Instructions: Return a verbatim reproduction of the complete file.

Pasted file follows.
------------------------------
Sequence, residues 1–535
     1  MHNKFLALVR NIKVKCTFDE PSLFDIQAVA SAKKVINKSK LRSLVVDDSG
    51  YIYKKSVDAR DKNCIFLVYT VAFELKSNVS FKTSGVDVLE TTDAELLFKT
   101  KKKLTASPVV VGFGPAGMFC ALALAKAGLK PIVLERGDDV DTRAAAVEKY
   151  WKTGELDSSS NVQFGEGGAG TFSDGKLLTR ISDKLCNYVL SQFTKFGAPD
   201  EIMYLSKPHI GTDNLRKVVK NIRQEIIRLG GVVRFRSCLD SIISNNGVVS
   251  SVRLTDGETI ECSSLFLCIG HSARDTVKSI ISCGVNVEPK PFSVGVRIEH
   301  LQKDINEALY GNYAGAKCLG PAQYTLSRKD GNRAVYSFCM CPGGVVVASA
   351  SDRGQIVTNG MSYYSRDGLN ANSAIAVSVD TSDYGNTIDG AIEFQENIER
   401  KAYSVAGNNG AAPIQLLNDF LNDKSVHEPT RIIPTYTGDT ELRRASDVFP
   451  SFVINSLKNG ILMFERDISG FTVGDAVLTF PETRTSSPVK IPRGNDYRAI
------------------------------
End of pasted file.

Sequence, residues 1–535
     1  MHNKFLALVR NIKVKCTFDE PSLFDIQAVA SAKKVINKSK LRSLVVDDSG
    51  YIYKKSVDAR DKNCIFLVYT VAFELKSNVS FKTSGVDVLE TTDAELLFKT
   101  KKKLTASPVV VGFGPAGMFC ALALAKAGLK PIVLERGDDV DTRAAAVEKY
   151  WKTGELDSSS NVQFGEGGAG TFSDGKLLTR ISDKLCNYVL SQFTKFGAPD
   201  EIMYLSKPHI GTDNLRKVVK NIRQEIIRLG GVVRFRSCLD SIISNNGVVS
   251  SVRLTDGETI ECSSLFLCIG HSARDTVKSI ISCGVNVEPK PFSVGVRIEH
   301  LQKDINEALY GNYAGAKCLG PAQYTLSRKD GNRAVYSFCM CPGGVVVASA
   351  SDRGQIVTNG MSYYSRDGLN ANSAIAVSVD TSDYGNTIDG AIEFQENIER
   401  KAYSVAGNNG AAPIQLLNDF LNDKSVHEPT RIIPTYTGDT ELRRASDVFP
   451  SFVINSLKNG ILMFERDISG FTVGDAVLTF PETRTSSPVK IPRGNDYRAI